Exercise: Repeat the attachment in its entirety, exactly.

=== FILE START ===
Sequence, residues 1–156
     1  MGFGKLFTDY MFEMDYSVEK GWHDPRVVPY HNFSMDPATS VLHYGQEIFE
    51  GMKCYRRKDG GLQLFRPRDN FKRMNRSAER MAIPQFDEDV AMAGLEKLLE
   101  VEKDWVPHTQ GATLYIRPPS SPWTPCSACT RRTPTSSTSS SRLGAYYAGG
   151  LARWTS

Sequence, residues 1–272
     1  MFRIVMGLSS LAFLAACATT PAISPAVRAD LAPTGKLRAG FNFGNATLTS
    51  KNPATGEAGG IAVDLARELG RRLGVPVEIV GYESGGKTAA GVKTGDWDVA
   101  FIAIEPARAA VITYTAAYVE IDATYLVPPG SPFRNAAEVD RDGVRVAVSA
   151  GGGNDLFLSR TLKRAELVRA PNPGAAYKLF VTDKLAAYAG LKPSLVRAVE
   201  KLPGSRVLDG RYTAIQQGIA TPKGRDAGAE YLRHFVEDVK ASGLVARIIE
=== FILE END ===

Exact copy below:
Sequence, residues 1–156
     1  MGFGKLFTDY MFEMDYSVEK GWHDPRVVPY HNFSMDPATS VLHYGQEIFE
    51  GMKCYRRKDG GLQLFRPRDN FKRMNRSAER MAIPQFDEDV AMAGLEKLLE
   101  VEKDWVPHTQ GATLYIRPPS SPWTPCSACT RRTPTSSTSS SRLGAYYAGG
   151  LARWTS

Sequence, residues 1–272
     1  MFRIVMGLSS LAFLAACATT PAISPAVRAD LAPTGKLRAG FNFGNATLTS
    51  KNPATGEAGG IAVDLARELG RRLGVPVEIV GYESGGKTAA GVKTGDWDVA
   101  FIAIEPARAA VITYTAAYVE IDATYLVPPG SPFRNAAEVD RDGVRVAVSA
   151  GGGNDLFLSR TLKRAELVRA PNPGAAYKLF VTDKLAAYAG LKPSLVRAVE
   201  KLPGSRVLDG RYTAIQQGIA TPKGRDAGAE YLRHFVEDVK ASGLVARIIE